I've received many contacts among my travels to other conventions. I'm always looking for the new talent to invite to EMcon Animefest. Larger events, for example New York Comic Con, seem to have more celebrities and groups to go after. If you don't mind waiting for an hour or two, which sucks. And you’re not always guaranteed to get any contact info, not even an email. To name a few, voice actors like Kyle Hebert, Vic Mignogna, and Quinton Flynn. Smaller cons are awesome! Especially if they invite celebrity type status. But even if they do not, you can always meet new talented artists or musical groups. Like I mentioned smaller cons go by a different flow. You can actually breathe and talk to people. Especially when I am looking for commissions at my booth. Less competition too (laughs).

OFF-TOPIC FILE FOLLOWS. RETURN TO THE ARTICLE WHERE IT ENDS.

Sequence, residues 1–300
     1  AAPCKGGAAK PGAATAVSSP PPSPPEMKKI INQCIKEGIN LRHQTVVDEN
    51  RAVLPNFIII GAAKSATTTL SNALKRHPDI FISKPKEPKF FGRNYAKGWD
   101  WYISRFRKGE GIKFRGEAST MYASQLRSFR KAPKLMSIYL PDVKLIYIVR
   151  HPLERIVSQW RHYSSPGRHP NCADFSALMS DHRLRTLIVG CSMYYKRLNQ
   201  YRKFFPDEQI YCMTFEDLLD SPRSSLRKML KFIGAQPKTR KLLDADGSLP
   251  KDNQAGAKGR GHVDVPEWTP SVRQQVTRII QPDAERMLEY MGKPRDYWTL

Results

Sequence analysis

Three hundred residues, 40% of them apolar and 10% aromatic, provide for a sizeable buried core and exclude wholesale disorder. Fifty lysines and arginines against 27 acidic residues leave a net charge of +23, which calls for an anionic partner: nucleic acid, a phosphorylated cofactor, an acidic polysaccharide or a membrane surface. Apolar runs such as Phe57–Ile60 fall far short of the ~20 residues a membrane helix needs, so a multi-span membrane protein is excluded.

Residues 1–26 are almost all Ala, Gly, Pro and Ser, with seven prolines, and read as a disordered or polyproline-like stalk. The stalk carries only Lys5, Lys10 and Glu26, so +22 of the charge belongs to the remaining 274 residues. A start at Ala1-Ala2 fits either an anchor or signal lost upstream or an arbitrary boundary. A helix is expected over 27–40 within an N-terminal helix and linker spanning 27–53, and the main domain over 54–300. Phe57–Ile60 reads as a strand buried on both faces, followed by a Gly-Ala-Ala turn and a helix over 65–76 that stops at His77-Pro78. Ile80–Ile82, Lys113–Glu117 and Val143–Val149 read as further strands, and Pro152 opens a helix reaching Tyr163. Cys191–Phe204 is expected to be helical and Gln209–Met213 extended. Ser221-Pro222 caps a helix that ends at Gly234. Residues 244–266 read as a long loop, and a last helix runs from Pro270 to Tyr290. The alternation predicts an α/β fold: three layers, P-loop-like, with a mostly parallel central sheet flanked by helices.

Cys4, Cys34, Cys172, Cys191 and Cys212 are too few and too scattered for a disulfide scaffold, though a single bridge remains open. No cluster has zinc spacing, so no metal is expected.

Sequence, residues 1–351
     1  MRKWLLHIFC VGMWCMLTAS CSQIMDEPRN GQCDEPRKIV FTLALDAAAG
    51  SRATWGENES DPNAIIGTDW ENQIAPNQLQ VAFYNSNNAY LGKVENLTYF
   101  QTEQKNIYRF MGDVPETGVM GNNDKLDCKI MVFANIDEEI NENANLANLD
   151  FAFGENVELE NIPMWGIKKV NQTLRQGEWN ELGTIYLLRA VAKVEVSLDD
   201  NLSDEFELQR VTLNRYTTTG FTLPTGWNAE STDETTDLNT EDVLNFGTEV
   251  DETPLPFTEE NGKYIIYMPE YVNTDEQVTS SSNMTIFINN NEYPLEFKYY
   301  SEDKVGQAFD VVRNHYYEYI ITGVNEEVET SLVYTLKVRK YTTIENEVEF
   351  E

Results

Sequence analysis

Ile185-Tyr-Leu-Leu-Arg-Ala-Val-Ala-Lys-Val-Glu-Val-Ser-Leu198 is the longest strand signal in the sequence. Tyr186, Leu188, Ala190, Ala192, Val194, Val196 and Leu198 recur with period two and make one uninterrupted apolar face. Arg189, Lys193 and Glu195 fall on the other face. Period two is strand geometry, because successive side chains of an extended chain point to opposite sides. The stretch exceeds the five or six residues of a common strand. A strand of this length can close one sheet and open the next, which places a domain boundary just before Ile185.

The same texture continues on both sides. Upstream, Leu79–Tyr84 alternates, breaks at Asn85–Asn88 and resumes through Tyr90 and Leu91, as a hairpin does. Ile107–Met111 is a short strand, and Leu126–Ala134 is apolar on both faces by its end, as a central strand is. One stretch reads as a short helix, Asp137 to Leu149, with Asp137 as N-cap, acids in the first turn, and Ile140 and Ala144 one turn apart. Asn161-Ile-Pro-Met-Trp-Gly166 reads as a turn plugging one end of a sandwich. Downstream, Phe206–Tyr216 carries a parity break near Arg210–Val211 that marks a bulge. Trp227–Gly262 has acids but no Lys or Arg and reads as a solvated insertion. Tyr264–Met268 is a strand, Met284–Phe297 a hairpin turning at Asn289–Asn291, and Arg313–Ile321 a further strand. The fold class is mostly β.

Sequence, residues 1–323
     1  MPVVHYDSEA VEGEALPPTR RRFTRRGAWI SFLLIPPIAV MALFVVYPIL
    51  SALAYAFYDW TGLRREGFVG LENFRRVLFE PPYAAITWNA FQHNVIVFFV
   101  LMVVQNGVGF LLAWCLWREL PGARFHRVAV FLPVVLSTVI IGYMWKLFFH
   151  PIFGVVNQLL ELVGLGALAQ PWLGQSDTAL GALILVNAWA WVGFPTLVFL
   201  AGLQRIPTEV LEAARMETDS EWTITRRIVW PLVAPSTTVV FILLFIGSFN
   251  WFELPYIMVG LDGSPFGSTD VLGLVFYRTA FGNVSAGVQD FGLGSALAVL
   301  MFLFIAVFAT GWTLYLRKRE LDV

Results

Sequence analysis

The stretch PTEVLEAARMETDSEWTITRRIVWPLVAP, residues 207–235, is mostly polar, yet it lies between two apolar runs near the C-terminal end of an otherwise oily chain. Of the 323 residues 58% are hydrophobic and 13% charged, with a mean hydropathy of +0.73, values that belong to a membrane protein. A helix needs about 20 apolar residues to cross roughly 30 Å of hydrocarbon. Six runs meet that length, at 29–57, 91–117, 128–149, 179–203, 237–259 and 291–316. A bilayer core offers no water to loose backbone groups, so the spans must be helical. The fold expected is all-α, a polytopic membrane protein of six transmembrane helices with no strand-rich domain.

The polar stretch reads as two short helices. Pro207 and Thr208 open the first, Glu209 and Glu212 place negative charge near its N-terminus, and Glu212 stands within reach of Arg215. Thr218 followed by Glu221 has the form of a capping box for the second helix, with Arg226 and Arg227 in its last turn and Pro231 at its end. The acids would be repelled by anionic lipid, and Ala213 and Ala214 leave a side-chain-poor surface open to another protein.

Vic Mignogna is appearing in the fan made Star Trek series Star Trek Continues. If you’ve watched it, what is your take on the acting and filming quality? Are fan run series a good thing in your view?
I only heard about his fan made Star Trek vids but sadly never checked it out. I may in the future though. I think fan run series are fun. But only if they’re done right with the quality and respect to other fans to enjoy. Viewing others’ perspectives and highly imaginative stories or style of your favorite characters. I'm not currently watching any fan made series nor remember any at this point so I cannot offer any referrals.

Did you discuss any possible collaborations with Kyle Hebert, Vic Mignogna, and Quinton Flynn or are these actors you crossed paths with this far? Who are some of the local actors you would consider working with?